NewsPalm Beach CountyRegion C Palm Beach CountyWest Palm Beach


County's motion to dismiss Palm Beach County fire captain's harassment lawsuit is denied

Posted at 11:54 PM, Nov 20, 2018
and last updated 2018-11-21 04:12:40-05

It’s the lawsuit that sparked a Contact 5 investigation and led to the removal of three top chiefs at Palm Beach County Fire Rescue. 

On Tuesday, a judge decided Captain Amanda Vomero’s harassment and discrimination lawsuit against Palm Beach County will continue. 

Parties for both sides were in court Tuesday morning because the county was trying to get the lawsuit dismissed.

RELATED: Female Captain sues Palm Beach County Fire Rescue for sex harassment, discrimination

In her lawsuit, Captain Amanda Vomero claims that beginning in 2013, she endured sexual harassment and discrimination on a regular basis from multiple chiefs at Palm Beach County Fire Rescue.

Vomero goes on to claim in her lawsuit that most of the sexual harassment and discrimination came at the hands of a fire chief, Chief Chris Hoch. According to Vomero, "(The chief) would make her the brunt of most of his jokes," in management meetings. 

Vomero also says she was "constantly subjected to crude and discriminatory comments by this particular chief," even threatening to replace her with his girlfriend. Then, Vomero claims, the chief began making comments about how tight her pants were. She says when she went to another chief, the top chief at the time Chief Jeff Collins for help. She claims he told her she "was blowing it out of proportion, and that it was just 'good humor, firehouse fun.'"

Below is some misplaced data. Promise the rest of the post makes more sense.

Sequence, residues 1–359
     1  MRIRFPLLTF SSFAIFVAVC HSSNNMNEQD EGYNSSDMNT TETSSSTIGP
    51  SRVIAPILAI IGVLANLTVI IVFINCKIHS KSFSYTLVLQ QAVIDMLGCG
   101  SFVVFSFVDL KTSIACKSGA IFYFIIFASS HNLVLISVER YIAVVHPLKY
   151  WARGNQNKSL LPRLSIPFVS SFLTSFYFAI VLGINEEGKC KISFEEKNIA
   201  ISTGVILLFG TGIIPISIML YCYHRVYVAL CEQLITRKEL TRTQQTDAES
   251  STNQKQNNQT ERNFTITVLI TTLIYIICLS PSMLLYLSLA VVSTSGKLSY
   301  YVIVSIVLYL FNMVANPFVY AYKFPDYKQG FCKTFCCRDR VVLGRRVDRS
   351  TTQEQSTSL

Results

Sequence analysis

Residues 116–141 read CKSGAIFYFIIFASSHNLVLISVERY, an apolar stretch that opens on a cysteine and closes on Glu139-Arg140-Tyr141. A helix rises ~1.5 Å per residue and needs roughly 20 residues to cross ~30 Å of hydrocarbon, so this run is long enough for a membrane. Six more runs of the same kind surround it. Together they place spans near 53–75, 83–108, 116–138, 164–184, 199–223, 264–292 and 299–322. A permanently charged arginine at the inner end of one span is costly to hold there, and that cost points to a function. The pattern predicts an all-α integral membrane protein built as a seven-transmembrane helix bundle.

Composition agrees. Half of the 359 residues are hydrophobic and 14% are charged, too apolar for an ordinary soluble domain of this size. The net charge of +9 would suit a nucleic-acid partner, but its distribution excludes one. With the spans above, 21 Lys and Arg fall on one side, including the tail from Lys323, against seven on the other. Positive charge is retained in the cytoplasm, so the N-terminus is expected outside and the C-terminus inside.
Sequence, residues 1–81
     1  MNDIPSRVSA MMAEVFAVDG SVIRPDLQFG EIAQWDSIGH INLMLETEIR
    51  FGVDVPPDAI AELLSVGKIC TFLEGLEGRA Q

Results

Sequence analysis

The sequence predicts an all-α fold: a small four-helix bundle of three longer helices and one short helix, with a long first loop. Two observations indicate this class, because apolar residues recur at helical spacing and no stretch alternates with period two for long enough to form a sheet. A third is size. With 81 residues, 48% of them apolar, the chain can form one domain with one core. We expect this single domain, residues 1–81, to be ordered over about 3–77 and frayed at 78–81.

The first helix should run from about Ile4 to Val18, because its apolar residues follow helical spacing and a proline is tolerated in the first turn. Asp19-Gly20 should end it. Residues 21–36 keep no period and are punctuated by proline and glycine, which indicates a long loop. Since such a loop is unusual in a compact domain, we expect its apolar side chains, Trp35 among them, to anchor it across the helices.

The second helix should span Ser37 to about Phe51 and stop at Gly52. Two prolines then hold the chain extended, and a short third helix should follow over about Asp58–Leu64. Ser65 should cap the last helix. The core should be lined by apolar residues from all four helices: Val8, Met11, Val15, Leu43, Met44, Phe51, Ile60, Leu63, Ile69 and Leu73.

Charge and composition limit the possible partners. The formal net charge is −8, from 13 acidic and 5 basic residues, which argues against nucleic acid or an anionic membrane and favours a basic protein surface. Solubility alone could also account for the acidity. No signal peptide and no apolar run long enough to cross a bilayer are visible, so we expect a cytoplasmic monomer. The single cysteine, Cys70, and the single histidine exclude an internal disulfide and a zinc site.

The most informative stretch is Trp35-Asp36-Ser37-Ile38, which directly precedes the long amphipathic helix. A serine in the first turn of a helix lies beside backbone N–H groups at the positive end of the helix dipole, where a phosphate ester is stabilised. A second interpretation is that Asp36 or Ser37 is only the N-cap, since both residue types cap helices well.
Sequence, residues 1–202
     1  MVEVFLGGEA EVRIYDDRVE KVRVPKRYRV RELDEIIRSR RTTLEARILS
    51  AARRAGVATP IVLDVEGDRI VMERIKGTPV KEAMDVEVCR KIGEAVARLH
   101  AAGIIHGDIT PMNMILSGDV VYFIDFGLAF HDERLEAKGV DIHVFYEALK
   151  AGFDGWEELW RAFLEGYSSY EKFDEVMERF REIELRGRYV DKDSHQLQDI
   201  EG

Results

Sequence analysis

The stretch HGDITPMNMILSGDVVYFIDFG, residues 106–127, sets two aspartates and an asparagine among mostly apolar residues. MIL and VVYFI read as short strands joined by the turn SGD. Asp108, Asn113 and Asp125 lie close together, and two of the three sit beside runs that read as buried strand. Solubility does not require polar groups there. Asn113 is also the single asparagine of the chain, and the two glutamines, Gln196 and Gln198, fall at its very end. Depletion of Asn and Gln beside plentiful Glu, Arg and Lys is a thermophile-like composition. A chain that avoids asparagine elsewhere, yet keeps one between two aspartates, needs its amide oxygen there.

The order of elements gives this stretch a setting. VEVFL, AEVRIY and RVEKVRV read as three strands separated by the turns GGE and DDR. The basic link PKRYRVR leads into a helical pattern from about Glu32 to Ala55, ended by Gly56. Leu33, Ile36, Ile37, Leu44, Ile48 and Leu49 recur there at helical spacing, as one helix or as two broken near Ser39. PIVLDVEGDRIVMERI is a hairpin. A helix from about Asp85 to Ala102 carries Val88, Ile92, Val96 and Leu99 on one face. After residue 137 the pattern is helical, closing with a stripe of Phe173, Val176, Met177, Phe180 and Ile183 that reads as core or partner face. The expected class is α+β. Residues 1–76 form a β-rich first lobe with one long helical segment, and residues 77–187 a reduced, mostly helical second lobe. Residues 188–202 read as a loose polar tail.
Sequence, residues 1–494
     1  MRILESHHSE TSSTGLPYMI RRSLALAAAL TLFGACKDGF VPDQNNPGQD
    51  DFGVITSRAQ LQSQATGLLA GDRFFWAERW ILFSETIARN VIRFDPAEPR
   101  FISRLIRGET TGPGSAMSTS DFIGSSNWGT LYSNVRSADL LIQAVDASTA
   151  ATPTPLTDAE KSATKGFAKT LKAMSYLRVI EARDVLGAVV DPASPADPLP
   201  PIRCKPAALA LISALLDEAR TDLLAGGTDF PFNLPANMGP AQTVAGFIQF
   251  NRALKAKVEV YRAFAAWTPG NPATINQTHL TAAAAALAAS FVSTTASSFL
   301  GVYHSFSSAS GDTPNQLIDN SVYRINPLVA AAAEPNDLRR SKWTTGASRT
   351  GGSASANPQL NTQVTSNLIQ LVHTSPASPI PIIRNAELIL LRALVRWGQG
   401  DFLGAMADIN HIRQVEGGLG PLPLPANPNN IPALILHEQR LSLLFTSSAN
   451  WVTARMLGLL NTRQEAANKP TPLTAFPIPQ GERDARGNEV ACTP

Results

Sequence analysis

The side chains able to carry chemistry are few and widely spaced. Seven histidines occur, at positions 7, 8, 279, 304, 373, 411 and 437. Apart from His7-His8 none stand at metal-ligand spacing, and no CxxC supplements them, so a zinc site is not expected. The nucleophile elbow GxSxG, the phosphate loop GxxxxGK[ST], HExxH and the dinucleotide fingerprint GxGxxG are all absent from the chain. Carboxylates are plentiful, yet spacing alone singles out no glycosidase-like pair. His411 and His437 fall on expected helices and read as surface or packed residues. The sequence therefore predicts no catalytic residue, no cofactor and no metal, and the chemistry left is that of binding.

RELATED:  Two more Palm Beach County high ranking Fire Rescue officials out; one fired, one resigns

Shortly after that, Vomero claims Chief Hoch began to spread a rumor about Vomero and another fire chief, being in a relationship. From there, the lawsuit contains graphic and sexual language.Vomero says she took an extended leave in 2016 because the department refused to do anything to protect her. When she returned to work, Vomero says the department barred her from working on programs and boards she had before. 

A human resources investigation, started by some of Vomero's claims, found “sexually oriented rumors are commonplace within the county’s fire-rescue department,” and ranking officers are the ones responsible for circulating the rumors.  

Earlier this year, the county administrator fired Chief Hoch and Chief Collins, and forced Chief Thomas Tolbert to resign. According to sources, it was because of their roles in the harassment.
Vomero's lawyer Sid Garcia applauded those moves but said Vomero still deserves compensation.

"You can’t unring a bell and she was subjected to a lot of unnecessary and abusive conduct by people that were abusing their power and authority. We’re looking for whatever the jury thinks it’s fair, given what she experienced for many years. The fact that finally corrective action was taken, does not undo the harm she suffered," said Garcia. 

The county was trying to say some of Vomero's claims weren't specific enough, failing to "state a cause of action" for her retaliation and harassment claims, but the judge ultimately denied their motion to dismiss. 

The next court date has not been set.